IBM Unveils SyNAPSE Chip That Mimics the Human Brain
IBM has produced a fully functional production-scale chip, known as SyNAPSE, which mimics the human brain.IBM announced a chip with brain-inspired non-von Neumann computer architecture that has one million neurons and 256 million synapses. The chip, known as Systems of Neuromorphic Adaptive Plastic Scalable Electronics, or SyNAPSE, is built on Samsung's 28nm process technology that has a dense on-chip memory and low-leakage transistors. IBM said it is the first neurosynaptic computer chip to achieve a scale of 1 million programmable neurons, 256 million programmable synapses and 46 billion synaptic operations per second per watt. And, at 5.4 billion transistors, the production-scale chip is one of the largest CMOS chips ever built, yet while running at biological real time, it consumes only 70mW—orders of magnitude less power than a modern microprocessor, IBM said. As a neurosynaptic supercomputer the size of a postage stamp that runs on the energy equivalent of a hearing-aid battery, SyNAPSE could transform science, technology, business, government and society by enabling vision, auditory and multi-sensory applications. The long-running project has been funded by the Defense Advanced Research Projects Agency (DARPA). Today's breakthrough, published in Science in collaboration with Cornell Tech, is a significant step toward bringing cognitive computers to society, IBM said.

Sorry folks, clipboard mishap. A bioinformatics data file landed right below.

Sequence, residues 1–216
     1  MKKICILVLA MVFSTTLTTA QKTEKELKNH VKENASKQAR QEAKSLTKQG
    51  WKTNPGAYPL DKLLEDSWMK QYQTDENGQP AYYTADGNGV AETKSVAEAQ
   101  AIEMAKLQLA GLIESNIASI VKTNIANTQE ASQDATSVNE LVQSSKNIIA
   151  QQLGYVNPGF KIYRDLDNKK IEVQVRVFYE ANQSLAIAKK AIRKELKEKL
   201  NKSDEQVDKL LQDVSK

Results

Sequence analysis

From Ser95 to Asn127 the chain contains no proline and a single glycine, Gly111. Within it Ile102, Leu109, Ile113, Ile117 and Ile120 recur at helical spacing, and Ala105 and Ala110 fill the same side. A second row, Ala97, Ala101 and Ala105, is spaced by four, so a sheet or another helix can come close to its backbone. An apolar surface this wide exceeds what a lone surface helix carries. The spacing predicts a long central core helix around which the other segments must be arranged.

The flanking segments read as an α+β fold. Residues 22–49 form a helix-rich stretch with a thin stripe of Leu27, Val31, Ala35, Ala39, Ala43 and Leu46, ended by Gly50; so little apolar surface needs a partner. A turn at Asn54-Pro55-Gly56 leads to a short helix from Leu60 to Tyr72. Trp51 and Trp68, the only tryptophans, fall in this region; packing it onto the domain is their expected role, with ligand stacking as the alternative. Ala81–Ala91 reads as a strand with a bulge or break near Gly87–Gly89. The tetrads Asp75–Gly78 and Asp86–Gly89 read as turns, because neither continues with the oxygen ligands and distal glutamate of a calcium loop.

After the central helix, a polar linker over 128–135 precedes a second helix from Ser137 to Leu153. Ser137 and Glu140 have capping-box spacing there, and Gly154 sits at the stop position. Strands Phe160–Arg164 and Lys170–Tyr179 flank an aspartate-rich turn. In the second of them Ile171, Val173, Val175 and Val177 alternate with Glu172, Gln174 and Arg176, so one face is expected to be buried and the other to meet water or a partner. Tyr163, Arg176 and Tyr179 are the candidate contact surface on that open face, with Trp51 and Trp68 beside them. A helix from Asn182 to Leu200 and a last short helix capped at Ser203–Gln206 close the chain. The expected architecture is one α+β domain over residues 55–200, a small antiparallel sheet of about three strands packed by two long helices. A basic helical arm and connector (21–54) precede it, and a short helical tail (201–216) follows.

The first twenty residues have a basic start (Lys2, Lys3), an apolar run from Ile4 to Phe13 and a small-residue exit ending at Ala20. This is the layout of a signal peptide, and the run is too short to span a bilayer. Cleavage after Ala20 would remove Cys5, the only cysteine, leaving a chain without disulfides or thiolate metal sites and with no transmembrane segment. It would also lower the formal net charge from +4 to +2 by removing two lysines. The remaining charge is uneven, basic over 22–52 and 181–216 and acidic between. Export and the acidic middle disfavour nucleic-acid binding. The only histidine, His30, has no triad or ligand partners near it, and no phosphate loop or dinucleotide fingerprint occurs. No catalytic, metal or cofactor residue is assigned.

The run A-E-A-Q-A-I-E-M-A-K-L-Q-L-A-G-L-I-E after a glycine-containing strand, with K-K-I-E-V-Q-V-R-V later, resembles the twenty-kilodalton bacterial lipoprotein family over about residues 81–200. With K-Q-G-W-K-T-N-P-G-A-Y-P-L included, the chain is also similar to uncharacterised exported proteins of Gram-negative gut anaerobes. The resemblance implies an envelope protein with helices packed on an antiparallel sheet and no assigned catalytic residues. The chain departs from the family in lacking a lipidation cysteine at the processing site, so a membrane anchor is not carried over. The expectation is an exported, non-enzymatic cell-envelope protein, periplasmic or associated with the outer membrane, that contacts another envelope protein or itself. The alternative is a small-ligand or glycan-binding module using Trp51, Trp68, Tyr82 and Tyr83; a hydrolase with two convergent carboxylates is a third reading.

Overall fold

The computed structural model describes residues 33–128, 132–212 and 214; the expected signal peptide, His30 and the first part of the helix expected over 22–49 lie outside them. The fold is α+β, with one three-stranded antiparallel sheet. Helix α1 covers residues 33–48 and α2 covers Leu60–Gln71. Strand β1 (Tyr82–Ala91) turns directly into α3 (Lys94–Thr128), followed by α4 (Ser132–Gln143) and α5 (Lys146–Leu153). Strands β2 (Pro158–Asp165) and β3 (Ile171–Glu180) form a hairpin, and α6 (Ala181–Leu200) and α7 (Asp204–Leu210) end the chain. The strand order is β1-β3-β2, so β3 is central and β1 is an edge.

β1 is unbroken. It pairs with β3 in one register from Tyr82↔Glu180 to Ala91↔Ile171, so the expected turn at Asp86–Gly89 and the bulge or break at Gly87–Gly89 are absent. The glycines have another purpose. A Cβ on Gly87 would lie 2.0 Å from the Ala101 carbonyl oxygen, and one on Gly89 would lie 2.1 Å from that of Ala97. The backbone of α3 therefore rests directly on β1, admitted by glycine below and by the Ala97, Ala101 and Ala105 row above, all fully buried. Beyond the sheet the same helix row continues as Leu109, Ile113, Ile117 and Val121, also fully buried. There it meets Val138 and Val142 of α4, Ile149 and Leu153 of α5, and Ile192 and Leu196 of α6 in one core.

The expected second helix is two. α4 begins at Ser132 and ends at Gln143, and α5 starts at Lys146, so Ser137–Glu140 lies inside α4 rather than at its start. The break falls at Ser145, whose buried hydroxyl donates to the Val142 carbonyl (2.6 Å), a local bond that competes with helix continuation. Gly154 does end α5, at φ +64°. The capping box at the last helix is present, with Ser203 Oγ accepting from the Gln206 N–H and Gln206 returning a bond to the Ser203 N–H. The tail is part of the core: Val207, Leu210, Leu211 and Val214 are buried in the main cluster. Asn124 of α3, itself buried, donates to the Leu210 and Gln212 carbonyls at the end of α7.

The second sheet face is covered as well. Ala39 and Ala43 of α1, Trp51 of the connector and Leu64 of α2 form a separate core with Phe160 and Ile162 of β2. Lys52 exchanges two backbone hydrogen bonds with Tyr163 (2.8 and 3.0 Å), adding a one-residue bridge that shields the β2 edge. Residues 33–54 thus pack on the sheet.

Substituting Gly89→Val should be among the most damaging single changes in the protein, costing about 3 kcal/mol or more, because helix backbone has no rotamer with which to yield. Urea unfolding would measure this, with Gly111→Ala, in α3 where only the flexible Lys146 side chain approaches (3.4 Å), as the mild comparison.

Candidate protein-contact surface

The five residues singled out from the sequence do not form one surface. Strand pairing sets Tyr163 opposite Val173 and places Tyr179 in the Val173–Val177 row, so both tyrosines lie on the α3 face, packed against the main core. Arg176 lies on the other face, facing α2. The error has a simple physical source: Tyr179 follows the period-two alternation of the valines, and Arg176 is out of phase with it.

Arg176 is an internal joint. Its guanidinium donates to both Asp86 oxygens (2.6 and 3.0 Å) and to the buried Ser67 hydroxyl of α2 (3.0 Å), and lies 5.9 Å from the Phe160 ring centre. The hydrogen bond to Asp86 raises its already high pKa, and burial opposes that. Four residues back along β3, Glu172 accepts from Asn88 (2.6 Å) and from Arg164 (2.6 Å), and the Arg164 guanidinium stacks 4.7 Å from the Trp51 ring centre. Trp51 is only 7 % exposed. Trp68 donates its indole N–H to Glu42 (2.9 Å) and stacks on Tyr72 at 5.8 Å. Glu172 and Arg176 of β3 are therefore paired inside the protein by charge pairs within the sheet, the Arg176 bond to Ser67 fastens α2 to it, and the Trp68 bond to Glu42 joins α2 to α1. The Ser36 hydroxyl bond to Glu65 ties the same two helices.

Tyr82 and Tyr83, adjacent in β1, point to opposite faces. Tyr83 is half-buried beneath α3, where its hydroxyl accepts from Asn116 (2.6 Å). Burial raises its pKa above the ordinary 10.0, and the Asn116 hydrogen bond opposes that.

"IBM has broken new ground in the field of brain-inspired computers, in terms of a radically new architecture, unprecedented scale, unparalleled power/area/speed efficiency, boundless scalability, and innovative design techniques," Dr. Dharmendra S. Modha, IBM Fellow and IBM chief scientist for brain-inspired computing at IBM Research, said in a statement. "We foresee new generations of information technology systems—that complement today's von Neumann machines—powered by an evolving ecosystem of systems, software and services.